Myanmar leader Aung San Suu Kyi finally broke her silence on the violence against the persecuted Rohingya Muslim minority Tuesday. But it wasn’t the response the world was waiting for.
Rather than condemning the brutal military campaign in Myanmar’s Rakhine state, which has led to reports of mass killings and sent nearly 150,000 of Rohingya fleeing across the border to Bangladesh in the past two weeks alone, Suu Kyi blamed “terrorists” for disseminating “a huge iceberg of misinformation.”
According to an account of her phone call with Turkish President Recep Tayyip Erdogan, given on her office’s official Facebook page, Suu Kyi said her government had “already started defending all the people in Rakhine in the best way possible.”
She also said misinformation was being disseminated that was “calculated to create a lot of problems between different countries… with the aim of promoting the interests of the terrorists.” She was likely referencing images of killings that Turkey’s deputy prime minister had circulated on Twitter but later deleted because they were from another conflict.
But the latest wave of military violence against the Muslim minority can’t simply be chalked up to fake news. Myanmar’s military response to deadly attacks on security forces by a Rohingya insurgent group on August 25 is well-documented and has drawn widespread international condemnation.
On Tuesday, U.N. Secretary-General Antonio Guterres urged Myanmar to stop the military campaign, which he said could destabilize the region, and had created a risk of ethnic cleansing.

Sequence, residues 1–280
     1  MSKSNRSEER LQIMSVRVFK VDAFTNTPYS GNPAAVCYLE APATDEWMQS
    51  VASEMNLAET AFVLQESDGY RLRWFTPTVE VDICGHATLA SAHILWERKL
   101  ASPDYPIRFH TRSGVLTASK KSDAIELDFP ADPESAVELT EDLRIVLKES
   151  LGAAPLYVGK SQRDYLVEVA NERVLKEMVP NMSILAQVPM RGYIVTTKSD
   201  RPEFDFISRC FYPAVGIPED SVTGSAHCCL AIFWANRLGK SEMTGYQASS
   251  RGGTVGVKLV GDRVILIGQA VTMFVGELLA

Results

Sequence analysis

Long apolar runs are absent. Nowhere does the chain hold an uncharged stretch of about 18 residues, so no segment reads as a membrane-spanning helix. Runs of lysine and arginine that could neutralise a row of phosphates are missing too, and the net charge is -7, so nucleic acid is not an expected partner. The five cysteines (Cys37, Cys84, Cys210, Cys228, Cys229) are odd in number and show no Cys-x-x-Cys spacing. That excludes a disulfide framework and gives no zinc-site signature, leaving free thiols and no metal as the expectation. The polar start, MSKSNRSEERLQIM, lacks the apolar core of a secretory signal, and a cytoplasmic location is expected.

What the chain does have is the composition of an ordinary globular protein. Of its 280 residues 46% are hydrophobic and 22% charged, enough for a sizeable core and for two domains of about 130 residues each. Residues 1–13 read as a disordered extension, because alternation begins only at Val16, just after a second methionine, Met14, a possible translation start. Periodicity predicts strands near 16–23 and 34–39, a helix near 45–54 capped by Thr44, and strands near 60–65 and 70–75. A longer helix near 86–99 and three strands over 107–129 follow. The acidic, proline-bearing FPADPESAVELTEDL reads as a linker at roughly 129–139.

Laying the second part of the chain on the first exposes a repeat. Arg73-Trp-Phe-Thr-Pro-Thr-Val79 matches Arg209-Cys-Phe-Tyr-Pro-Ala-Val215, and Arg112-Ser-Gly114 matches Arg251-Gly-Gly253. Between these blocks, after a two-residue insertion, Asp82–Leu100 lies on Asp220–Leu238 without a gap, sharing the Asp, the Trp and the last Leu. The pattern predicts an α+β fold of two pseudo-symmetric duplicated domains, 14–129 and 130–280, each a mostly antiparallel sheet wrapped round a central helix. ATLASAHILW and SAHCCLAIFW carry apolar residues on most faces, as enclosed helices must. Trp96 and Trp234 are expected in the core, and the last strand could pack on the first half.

Suu Kyi, a Nobel laureate who once spent nearly 15 years under house arrest after winning a presidential election the ruling military junta refused to accept, has faced widespread criticism and condemnation for her failure to intervene in the Rakhine crisis.
Erdogan, along with the leaders of Indonesia, Malaysia, and Pakistan, has been one of the leading voices calling for an end to the persecution of the Rohingya, as anger grows over the situation in Rakhine, particularly throughout the Muslim world. There have been large protests in support of the Rohingya in capitals from Grozny, Chechnya to Jakarta in Indonesia.
But Suu Kyi received some cover when she met with Indian Prime Minister Narendra Modi during his visit to Myanmar Wednesday. Modi, whose government has taken a hardline on India’s Muslim population as well as incoming Rohingya refugees, expressed concern over “extremist violence” and “violence against security forces” in Rakhine, but omitted any mention of the Rohingya’s plight.
The Rohingya,a Muslim minority of about 1.1 million people widely viewed as one of the world’s most persecuted minorities, are denied citizenship by predominantly Buddhist Myanmar, which views them as illegal immigrants from Bangladesh. Since a previous outbreak of communal violence in 2012, more than 100,000 have been forced to live in dire conditions in internally-displaced persons camps, and hundreds of thousands have made perilous journeys by sea and land in their bid to flee persecution.
A U.N. report released in February documented widespread abuses by Myanmar’s military including the murder and torture of children as young as eight months old, pointing to a “very likely commission of crimes against humanity,” while another by Human Rights Watch documented systematic rape of Rohingya women by security forces.
The growing humanitarian catastrophe prompted one relief charity focused on helping migrants in the Mediterranean, the Migrant Offshore Aid Station Foundation, to announce Tuesday it was relocating to Myanmar to help refugees there.